Chris Rycroft: That was something that always traditionally had been done by freelancers. So Sweet & Maxwell had a certain number of really well established freelance indexers and preparers of tables of cases and legislation; things used to get routinely sent out to them. It was a mechanical process, to a certain extent.
 
Facilitator: So I guess the point of the indexes is that they are not so detailed that everything gets listed; they are grouped by families of words?
 
Chris Rycroft: To be honest, I don’t know. I mean, obviously, there’s the Society of Indexers, which has its own guidelines and most of the freelancers we would’ve used for an index probably would have been members. Whether we at Sweet & Maxwell had particular guidelines for our freelance indexers on how they were supposed to do it, I really don’t remember.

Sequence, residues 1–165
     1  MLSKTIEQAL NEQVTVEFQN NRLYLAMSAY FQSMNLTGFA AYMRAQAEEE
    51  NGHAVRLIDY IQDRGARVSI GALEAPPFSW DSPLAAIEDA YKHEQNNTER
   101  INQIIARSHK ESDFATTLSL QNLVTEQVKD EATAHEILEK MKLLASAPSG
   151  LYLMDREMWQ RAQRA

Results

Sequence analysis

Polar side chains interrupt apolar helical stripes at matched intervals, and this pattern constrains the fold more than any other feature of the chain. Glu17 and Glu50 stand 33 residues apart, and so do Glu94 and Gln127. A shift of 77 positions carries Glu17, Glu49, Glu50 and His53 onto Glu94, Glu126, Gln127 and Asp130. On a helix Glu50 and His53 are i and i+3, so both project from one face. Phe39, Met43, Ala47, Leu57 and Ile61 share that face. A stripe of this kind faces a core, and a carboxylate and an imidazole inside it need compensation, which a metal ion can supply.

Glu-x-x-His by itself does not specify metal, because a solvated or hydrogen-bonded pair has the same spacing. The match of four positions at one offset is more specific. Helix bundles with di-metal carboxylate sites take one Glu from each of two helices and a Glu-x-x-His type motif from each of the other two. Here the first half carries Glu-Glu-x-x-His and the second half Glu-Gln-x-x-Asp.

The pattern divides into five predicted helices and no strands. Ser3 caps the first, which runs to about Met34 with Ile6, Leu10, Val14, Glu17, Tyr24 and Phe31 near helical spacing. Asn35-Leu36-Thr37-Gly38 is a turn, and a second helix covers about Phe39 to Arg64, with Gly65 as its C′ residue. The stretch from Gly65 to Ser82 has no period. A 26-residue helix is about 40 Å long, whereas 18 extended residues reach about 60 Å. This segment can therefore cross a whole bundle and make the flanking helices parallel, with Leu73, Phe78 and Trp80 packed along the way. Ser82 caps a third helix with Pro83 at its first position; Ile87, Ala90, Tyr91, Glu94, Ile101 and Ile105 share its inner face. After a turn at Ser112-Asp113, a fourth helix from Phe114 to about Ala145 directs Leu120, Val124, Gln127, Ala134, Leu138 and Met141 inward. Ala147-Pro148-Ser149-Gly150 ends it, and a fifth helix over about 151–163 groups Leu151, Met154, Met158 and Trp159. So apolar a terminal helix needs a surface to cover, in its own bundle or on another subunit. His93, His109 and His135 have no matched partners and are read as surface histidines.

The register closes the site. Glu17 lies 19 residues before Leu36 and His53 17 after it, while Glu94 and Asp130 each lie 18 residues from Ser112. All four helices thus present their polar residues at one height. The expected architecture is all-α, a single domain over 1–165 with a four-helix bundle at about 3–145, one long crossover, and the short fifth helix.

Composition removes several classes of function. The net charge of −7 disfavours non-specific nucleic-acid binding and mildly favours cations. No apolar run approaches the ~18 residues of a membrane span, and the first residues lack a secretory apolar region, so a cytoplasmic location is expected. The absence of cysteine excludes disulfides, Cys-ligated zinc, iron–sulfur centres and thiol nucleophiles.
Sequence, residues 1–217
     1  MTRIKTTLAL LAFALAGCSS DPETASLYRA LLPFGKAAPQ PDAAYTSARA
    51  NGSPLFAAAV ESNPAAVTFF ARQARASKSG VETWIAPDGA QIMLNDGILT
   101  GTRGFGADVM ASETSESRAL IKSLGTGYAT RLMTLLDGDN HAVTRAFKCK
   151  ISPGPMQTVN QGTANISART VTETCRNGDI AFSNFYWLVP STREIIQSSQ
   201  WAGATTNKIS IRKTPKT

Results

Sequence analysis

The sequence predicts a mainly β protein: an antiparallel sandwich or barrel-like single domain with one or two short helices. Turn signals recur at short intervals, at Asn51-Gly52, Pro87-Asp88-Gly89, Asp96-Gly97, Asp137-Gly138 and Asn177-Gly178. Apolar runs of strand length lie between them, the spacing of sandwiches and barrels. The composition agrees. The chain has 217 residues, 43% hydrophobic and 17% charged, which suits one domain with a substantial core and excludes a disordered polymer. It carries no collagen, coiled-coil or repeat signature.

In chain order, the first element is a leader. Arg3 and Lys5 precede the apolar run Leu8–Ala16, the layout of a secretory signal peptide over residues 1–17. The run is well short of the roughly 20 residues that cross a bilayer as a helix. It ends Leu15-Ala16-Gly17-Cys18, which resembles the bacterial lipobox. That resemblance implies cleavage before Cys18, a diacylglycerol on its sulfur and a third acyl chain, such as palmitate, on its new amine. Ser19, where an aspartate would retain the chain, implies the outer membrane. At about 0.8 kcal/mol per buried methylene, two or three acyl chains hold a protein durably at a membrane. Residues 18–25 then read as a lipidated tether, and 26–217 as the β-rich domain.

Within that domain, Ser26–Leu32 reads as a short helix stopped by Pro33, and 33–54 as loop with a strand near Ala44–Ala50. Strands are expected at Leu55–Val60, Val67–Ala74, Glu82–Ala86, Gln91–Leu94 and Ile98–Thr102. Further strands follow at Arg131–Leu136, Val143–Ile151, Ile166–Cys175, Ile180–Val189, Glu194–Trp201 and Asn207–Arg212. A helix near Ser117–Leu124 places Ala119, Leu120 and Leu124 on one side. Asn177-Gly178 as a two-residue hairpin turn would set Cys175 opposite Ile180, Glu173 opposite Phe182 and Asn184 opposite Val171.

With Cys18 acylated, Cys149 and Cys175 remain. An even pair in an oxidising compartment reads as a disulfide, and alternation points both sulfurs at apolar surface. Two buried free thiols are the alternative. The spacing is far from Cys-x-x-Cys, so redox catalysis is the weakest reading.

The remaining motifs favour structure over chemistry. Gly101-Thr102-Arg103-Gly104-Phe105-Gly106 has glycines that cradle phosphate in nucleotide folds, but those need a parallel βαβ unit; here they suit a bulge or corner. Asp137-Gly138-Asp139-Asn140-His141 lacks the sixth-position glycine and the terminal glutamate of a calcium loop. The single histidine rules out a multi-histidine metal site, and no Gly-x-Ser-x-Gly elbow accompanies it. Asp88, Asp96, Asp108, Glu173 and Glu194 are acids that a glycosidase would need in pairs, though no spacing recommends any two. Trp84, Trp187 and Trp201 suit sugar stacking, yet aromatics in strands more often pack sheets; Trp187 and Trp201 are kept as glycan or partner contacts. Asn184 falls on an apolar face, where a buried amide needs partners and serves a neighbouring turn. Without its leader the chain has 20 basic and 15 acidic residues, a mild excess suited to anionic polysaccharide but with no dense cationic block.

On the whole I tended to encourage people to have more rather than less. I think some indexes were far too short. The struggle that one always has with indexers if it’s a legal index is that although they will have some kind of legal background, they usually don’t have the specialist subject knowledge. So they won’t be intellectual property specialists or whatever. And therefore, as they are going through the book picking up terms for indexing, they will not necessarily know what key terms of art they should be putting in the index. So that was something that I used to help them with. I’d quite often have an index come in and then augment it myself.
 
Facilitator: So it’s like Stewart on International Copyright – I think they didn’t have further editions, they just… it was one of the book that never made it [into a new edition.].